Upon their release, both the snowboarding game Alto’s Adventure and its sandboarding sequel Alto’s Odyssey were praised more for their atmosphere, the visual style, and the aesthetic, than the basic gameplay. Among the adjectives used by critics then to describe the two games were “laid back”, “mellow”, “relaxing”, and “soothing”. It’s almost as if the Alto titles were seemingly made for the pandemic times, when people are looking for something to take their mind off the invisible threat. After all, they even had a built-in “Zen Mode” where players didn’t have to care about high-scores or falling over, and could simply lose themselves in its beautiful environment.
That calming experience had been largely limited to phones, tablets, and computers (unless you had an Apple TV) for years since their respective release dates. That changes today with the launch of The Alto Collection, which packages both games — Alto’s Adventure and Alto’s Odyssey — for PC, PS4, and Xbox One, and coming soon to the Nintendo Switch. It’s the first time that either title is available on consoles, and also the first time that Alto’s Odyssey is available on PC. It’s also free for a week on PC thanks to the Epic Games Store.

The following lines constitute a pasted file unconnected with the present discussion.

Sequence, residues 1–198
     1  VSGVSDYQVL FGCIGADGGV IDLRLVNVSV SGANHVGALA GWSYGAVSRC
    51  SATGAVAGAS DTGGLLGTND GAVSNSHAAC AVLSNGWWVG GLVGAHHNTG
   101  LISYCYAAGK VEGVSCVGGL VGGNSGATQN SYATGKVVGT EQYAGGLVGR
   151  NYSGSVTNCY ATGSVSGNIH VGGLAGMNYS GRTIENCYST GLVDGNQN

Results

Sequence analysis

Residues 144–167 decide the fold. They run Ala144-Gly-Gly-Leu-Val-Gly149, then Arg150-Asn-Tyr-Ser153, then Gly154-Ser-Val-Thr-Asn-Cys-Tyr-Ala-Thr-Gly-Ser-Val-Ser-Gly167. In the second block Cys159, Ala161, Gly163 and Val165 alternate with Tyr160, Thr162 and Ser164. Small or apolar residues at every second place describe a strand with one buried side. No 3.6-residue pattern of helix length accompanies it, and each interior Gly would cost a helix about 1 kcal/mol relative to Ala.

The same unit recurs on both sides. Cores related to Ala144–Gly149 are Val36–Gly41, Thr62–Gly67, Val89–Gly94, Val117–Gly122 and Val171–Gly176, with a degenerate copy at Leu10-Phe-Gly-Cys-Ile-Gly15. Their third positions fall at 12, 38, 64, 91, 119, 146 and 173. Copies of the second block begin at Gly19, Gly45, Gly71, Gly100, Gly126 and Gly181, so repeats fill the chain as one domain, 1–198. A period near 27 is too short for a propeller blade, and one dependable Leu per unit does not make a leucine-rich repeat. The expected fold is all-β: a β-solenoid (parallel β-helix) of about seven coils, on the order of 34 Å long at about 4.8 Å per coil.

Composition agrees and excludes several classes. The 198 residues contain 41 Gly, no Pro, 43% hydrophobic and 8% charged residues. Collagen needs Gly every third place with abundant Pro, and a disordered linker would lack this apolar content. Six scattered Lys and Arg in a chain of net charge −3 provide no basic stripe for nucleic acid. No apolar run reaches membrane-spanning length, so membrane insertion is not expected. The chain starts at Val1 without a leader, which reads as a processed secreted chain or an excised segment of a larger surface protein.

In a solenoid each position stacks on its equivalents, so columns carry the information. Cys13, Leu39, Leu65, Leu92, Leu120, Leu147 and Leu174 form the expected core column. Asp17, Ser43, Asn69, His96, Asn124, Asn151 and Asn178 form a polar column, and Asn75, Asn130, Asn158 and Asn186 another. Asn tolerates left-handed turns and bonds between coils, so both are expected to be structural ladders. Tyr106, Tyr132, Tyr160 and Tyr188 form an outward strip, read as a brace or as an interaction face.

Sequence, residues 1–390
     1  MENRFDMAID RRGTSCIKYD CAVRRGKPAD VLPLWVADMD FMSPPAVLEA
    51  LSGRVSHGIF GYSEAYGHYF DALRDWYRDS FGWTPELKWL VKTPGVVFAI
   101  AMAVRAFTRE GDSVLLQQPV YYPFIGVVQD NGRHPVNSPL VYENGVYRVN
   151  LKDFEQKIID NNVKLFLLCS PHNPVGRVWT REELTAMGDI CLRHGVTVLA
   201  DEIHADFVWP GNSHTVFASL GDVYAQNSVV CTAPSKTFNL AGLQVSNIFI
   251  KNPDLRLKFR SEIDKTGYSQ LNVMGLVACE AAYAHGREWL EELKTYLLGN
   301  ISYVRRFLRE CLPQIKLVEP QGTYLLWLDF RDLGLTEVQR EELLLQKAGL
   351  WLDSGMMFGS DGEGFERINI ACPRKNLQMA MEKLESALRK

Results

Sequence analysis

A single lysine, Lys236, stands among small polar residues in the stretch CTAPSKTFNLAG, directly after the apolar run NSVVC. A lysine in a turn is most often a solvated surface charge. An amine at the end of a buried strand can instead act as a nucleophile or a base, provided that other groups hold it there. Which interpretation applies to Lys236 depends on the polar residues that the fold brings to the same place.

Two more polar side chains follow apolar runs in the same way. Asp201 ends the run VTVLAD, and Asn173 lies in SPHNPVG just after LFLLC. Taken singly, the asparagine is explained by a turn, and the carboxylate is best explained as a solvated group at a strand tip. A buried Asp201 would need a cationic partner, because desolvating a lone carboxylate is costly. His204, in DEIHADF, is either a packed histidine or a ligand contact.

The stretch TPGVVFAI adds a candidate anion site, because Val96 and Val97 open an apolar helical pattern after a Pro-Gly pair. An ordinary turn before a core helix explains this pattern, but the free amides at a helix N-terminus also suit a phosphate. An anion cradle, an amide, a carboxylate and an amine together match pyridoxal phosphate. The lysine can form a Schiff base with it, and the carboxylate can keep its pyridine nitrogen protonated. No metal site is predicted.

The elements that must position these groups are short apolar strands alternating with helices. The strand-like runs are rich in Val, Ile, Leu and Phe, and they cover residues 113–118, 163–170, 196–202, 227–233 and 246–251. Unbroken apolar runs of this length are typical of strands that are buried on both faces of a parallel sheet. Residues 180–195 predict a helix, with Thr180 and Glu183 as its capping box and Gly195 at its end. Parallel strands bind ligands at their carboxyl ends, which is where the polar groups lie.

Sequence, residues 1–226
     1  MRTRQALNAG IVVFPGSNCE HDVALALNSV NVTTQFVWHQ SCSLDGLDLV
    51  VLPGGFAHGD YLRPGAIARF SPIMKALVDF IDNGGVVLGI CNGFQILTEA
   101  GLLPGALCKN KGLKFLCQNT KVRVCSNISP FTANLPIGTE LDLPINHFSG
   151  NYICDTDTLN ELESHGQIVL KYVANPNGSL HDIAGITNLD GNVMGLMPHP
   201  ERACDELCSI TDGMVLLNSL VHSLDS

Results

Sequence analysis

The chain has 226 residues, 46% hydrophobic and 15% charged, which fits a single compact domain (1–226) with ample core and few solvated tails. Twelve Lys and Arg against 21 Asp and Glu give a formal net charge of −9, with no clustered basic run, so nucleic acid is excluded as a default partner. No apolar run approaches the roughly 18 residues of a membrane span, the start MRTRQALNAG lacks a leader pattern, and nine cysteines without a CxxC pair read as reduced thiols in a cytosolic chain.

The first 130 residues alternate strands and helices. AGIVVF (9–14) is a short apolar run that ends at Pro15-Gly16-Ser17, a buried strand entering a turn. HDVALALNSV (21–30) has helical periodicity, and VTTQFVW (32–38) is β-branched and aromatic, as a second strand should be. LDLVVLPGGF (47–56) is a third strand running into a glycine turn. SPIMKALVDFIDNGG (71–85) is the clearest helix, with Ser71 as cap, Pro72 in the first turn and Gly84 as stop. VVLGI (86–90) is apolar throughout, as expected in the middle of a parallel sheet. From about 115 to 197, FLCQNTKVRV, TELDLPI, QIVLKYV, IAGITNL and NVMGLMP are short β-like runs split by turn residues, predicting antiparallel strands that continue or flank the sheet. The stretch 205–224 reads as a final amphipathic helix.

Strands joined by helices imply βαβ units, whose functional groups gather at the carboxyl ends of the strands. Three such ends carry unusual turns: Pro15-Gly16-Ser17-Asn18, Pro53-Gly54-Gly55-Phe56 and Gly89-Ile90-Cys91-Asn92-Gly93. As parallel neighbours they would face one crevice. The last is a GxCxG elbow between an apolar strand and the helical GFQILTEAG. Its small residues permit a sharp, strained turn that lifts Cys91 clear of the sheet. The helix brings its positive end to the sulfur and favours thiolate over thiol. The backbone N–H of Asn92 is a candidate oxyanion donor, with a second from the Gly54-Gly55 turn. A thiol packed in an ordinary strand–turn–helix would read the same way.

The Alto Collection transfers said calming experience over to the big screen, with support up to glorious 4K HDR. There’s dynamic lighting and weather effects, publisher Snowman claims. But it could use a little optimisation, as we noticed some frame drops on the Xbox One X. They were infrequent, but they do exist.